Surviving the 20-something age weddings and babies

In the 20-something age range, it seems as though everyone around you is either getting married or having a baby, and sometimes both. “You’re at that age” people will say. Over the next year, I am planning to attend three weddings, a bachelorette party, two bridal showers, a baby shower, and will be celebrating four first birthdays. All of this while also planning my own wedding, trying to buy a house and putting some money away for a vacation I will be taking in a couple months. I hope you can feel my pain because while this is an exciting time for the ones we’re honoring, it can also be really expensive. Between buying gifts and paying for outings, it can bring some unwanted stress to what’s supposed to be a fun time. When I heard a bachelorette party I am invited to will cost almost $300, I nearly fell over.

It can be hard to figure out how to afford these extra occasions while also trying to pay for the things in your life. But, don’t lose hope, yet. With preparation and a plan of attack, you will be able to handle the price tags that come with celebrating some of your loved ones’ most significant life events.

Look at the big picture.  

Think about what exactly you have coming up. How many bridal showers, baby showers, bachelorette parties, weddings, etc. are you attending? Write them on a piece of paper or type them out on your computer in chronological order with dates. When you see everything right in front of you, it is easier to plan accordingly. Speaking of plan…

Make sure you have one.

What are you going to have to buy for these events? Gifts for the showers, a weekend away, plus dinner and drinks for the bachelorette party, wedding gifts and birthday party gifts? Don’t forget about the other expenses you might encounter like hotel rooms for the actual wedding nights, travel costs and new outfits for each event. And, if you’re in a wedding, for what exactly are you responsible for paying? It helps when you know what you need to prepare for ahead of time.

Set limits.

Once you know exactly what you have to get, set dollar amount limits on each of the gifts. Put things into perspective and be practical about what you need to buy. You love your little niece with all your heart and are so excited to celebrate her first birthday, but babies would rather play with paper towels and cardboard boxes than be bothered with that popular $75 toy; and I bet she really won’t care about the tutu with the matching headband you want to buy her. You already know all the required wedding expenses are going to be really pricey, and your best friend will actually be able to appreciate the Brita pitcher you plan to buy her. So, you’re probably going to want to allocate more money to your best friend’s wedding celebrations than to your nieces first birthday. It might make you feel a little bad, but it won’t hurt your bank account as much if you’re a practical spender. It might also help to get together with friends or family who are also going to these events and buy joint gifts. That way, you can give something really nice (within reason), but not pay hundreds of dollars to do so.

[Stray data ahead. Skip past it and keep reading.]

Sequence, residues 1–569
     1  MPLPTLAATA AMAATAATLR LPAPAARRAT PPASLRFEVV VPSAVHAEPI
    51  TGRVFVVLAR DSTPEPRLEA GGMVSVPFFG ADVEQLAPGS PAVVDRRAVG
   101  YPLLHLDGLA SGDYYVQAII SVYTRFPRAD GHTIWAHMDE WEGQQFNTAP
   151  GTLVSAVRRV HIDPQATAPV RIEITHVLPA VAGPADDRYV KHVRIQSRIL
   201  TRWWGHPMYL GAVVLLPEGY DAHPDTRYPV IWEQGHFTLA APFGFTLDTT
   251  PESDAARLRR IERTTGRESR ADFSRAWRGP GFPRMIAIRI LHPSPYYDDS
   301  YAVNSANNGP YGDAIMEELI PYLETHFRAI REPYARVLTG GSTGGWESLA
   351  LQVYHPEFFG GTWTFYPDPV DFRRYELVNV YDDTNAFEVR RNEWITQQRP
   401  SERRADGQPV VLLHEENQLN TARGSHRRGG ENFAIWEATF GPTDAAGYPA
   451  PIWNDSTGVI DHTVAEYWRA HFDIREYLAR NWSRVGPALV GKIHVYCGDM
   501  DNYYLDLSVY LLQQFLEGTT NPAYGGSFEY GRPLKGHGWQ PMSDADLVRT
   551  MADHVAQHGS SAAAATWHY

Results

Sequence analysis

Don’t be afraid to do what’s best for you.

If after looking at what you can realistically afford, and there is just no way that you can attend the bachelorette party, or go in with a friend for a really expensive gift when you could spend a lot less by giving a gift of your own, don’t be afraid to say no (politely, of course). In the end, you’re the one that’s stuck paying for whatever it is you’re paying for, and no one else will have to deal with the aftermath of your overspending. You may feel a little guilty for saying no, but you’ll feel a lot guilty when you soon realize that you’re in over your head.

Spend wisely.

Now that you have come up with your plan, set your monetary limits, and know what you’re in for, it’s time to reel back on unnecessary spending. You can plan for these special occasions, but you definitely can’t plan for life’s unexpected events. You need to make sure you have the money to pay for your regular expenses, as well as anything else that may come up in between all the celebrations you have to attend. Track your spending and make sure you actually stick to your budget.

With parties celebrating life’s momentous occasions, comes hefty dollar signs. But, as long as you stay one step ahead and don’t “just wing it”, you’ll be able to handle it all and actually enjoy this stage of life.

How are you handling the 20-something age of weddings and babies? Let us know in the comments below!

Comments

Your email address will not be published. Required fields are marked *